“Nothing defines humans better than their willingness to do irrational things in the pursuit of phenomenally unlikely payoffs. This is the principal of lotteries, dating and religion” – Scott Adams
When the majority of the population cannot access healthcare for whatever the reason, who could gain anything? The share holders for the big insurance companies? The pharmaceutical companies and health-care providers who charge extortionate prices to those insurance companies to the detriment of all other policy holders through horrendously high premiums and conditions on joining. You must apparently be in the peak of health before many will even look at you and woe betide you if you are born with a condition? Having a system which only the rich and upper-middle classes can afford access doesn’t make a noble profession (doctors and nurses) more noble. It cheapens it. It reduces this vocation of compassion and care-giving to the status of the profit-hungry money-grubbers of the banking industry lobbying corporations who seem to run the United States.
Until recently, these insurance companies could refuse people at their most vulnerable and decide that congenital conditions qualified as pre-existing (I know, its mental). Individual mandate – the legal requirement the people buy health insurance or face a fine – means that insurance companies can no longer do this thanks to the supporting The Patient Protection and Affordable Care Act (ACA) which was into law in March 2010, with much opposition from Florida and twelve other states. Thirteen more states followed, as well as the National Federation of Independent Businesses and several individuals. As it stood, people were at serious risk of bankruptcy should they become sick, and unable to work thanks to the lack of affordable medical treatment. Apparently these 25 states believed only the rich deserved access to competent healthcare, with dominant figures asserting time after time the Dickensian ideology that good health is a privilege rather than a basic human right.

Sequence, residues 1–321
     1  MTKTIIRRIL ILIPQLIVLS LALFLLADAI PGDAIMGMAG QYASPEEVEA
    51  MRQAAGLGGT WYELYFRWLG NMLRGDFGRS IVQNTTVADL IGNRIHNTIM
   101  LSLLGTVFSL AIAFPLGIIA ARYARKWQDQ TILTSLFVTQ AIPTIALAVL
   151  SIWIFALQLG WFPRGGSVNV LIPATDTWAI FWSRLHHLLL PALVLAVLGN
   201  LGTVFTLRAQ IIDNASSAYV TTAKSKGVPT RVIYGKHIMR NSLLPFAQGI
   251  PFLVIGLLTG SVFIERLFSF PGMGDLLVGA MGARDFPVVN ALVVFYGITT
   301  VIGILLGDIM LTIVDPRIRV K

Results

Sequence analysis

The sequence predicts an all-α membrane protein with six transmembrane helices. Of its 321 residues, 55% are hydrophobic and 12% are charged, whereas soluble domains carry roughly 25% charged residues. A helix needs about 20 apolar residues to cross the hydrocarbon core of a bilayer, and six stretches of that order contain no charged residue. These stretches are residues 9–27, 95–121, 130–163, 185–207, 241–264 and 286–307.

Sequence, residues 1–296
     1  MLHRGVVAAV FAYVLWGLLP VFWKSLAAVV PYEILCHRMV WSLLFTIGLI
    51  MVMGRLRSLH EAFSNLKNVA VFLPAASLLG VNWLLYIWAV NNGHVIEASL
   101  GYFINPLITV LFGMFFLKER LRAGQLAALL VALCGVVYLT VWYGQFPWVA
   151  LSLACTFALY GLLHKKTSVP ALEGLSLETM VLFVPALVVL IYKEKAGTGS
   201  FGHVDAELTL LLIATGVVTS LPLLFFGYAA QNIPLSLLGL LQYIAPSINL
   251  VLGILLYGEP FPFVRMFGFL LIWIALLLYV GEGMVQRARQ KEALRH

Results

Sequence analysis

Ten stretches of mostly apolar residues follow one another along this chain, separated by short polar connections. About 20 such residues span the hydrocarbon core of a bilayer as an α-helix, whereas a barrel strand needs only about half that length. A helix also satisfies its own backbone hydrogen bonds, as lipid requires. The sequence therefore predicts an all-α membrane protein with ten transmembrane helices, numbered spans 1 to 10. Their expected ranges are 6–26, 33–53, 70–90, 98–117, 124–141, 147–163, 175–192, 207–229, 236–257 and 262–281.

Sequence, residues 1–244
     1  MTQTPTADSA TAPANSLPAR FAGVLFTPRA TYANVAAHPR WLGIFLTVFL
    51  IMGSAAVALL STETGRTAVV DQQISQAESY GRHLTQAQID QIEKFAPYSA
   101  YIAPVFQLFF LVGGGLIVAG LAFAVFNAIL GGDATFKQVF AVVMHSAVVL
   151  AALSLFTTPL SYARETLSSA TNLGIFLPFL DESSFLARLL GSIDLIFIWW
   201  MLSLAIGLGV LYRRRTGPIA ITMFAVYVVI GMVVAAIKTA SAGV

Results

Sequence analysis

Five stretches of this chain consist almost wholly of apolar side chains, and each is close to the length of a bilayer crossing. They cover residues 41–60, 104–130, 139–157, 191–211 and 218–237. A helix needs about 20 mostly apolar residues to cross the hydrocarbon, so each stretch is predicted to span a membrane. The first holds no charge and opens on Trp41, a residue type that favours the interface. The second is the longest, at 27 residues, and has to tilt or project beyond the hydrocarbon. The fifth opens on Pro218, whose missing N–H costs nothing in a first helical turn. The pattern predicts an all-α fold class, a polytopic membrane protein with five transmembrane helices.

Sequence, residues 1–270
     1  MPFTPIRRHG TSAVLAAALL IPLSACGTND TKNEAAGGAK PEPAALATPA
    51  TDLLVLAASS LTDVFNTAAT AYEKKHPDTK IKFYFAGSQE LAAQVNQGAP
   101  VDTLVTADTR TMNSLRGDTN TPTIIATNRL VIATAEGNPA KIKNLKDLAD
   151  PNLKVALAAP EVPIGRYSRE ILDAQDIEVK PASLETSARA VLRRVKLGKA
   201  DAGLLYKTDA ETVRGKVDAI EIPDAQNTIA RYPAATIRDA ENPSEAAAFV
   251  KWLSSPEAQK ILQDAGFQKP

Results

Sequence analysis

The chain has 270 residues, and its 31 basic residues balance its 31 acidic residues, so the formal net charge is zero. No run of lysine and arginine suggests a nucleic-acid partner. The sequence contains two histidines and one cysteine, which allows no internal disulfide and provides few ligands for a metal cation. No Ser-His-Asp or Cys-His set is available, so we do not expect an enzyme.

This mandate is not the be all and end all of the matter, however. While it prevents insurers from refusing to cover people for specious reasons (mentioned above) it also places an additional burden on the stretched budgets of families who had previously had to choose between insuring themselves against ill-health and injury or putting food on the table for them and their families. I do still think that while he’s on the right track Obama has it round his neck. He’s obviously trying to create a system like the NHS on a continent-wide scale. I admire his ambition. However, the NHS is funded from tax income and is free at the point of use for the whole nation regardless of their current financial situation. The British public are not expected to shell out extra. While insurance funded private care is available to those who want it and can afford it, it is not a compulsory. The upshot of this (along with national insurance funded benefits) is that the whole nation is safe from bankruptcy and financial ruin should they find themselves ill or injured or unable to work. It means that people can get well again and remain functioning members of society and that we avoid the Ayn-Randian objectivist society of allowing the sick and injured to die off in abject poverty, indebted to insurers and medical practitioners, and often left untreated. He has a way to go but it’s a start and I look forward to seeing where it will end up. Kudos also goes to the five Supreme Court Judges who saw that universal healthcare is NOT a socialist plot to topple America.
“A nation’s greatness is measured by how it treats its weakest members.” – Mahatma Ghandi